After telling consumers in the U.K. to dispose of their hoverboards and expect a full refund, Amazon has expanded its reimbursement program to the U.S.
The announcement, made by the U.S. Consumer Product Safety Commission Chairman Elliot F. Kaye in a press release, comes as the federal regulatory agency is actively investigating a number of companies that make or sell hoverboards.
"For consumers who purchased a hoverboard from Amazon, they can return the product right now for a full refund," Kaye wrote in the press release.
U.S. & World
Stories that affect your life across the U.S. and around the world.
Kaye commended the online retail giant for "voluntarily stepping up" and "putting consumers safety first," and advised customers who purchased the self-balancing board to contact the company for a refund.
The CPSC also cautioned against purchasing hoverboards that are labled Underwriters Laboratories (UL) certified. Some fire officials in the U.S. have advised parents to only purchase UL-labeled hoverboards, but Kaye said the global leader in product testing and inspection does not currently provide certification for the smart boards.
"The presence of a UL mark on hoverboards or their packaging should not be an indication to consumers of the product’s safety. In fact, any such mark is at best misleading and may even be a sign of a counterfeit product," Kaye said.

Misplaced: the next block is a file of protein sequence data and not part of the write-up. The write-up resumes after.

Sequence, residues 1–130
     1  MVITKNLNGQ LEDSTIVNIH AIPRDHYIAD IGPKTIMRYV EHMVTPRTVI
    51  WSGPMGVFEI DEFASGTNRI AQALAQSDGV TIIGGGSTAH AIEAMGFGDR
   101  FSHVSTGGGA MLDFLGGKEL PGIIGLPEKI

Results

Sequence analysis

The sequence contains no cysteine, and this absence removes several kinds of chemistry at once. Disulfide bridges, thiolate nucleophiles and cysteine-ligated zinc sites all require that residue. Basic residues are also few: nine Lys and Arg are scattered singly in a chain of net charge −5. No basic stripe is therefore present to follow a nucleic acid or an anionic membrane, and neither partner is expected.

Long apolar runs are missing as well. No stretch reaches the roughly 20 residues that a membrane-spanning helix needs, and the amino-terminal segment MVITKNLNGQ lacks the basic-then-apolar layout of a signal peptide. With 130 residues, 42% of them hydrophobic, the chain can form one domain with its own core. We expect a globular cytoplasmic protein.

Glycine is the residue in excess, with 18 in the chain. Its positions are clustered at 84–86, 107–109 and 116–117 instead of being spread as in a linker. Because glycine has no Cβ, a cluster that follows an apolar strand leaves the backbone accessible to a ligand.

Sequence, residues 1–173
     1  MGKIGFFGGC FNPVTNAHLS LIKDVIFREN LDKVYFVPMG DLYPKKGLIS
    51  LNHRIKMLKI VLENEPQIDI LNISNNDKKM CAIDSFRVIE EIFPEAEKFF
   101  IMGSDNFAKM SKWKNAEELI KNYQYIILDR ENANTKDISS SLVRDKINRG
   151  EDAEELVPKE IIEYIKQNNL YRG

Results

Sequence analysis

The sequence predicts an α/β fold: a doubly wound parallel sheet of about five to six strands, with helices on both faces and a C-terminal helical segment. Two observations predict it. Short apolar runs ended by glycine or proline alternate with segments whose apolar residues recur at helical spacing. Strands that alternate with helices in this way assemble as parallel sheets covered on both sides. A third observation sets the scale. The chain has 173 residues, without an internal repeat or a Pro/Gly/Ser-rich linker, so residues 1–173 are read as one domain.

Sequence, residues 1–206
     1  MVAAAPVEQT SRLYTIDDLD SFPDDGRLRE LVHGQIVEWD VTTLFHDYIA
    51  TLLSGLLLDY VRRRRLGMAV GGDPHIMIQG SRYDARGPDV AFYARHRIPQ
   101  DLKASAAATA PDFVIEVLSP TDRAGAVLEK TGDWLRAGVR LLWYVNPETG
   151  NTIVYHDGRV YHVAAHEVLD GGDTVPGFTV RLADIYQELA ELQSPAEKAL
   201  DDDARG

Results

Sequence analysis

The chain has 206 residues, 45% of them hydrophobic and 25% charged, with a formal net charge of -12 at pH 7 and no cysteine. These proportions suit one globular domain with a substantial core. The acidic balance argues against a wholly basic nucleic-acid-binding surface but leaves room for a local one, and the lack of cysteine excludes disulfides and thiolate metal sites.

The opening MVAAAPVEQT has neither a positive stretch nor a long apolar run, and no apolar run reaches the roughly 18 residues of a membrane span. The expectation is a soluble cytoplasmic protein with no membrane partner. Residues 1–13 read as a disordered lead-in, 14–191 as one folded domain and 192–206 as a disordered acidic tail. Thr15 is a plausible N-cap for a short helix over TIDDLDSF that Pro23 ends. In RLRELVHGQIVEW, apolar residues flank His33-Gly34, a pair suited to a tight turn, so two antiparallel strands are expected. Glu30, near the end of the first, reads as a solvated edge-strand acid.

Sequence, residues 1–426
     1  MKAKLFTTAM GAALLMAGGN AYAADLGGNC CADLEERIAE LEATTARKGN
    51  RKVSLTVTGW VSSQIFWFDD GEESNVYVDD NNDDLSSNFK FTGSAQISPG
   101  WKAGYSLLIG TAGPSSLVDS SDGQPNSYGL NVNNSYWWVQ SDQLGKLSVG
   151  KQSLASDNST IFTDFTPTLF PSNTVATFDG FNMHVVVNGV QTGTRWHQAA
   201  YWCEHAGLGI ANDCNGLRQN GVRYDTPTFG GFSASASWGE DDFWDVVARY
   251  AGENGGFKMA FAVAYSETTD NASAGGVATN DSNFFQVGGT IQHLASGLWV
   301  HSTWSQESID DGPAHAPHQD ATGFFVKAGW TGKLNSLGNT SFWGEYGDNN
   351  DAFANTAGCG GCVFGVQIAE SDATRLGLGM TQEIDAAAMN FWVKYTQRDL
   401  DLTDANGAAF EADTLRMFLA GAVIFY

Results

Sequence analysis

While the agency is also investigating 39 hoverboard fires across 19 states, focusing on the lithium-ion batteries that power the boards and "their interaction with the circuit boards," the CPSC suggests wearing protective gear, staying off roads, charging the boards away from combustible materials, and keeping a fire extinguisher nearby while using and charging the hoverboards.
With no safety standards for the popular boards, several U.S. airlines have already banned them from passenger flights and the U.S. Postal Service stopped shipping hoverboards by air.
As of Thursday, Amazon continues to sell hoverboards on their site. There was no word from the online retailer on whether it will permanently pull the boards from its shelves. An email request for comment was not answered.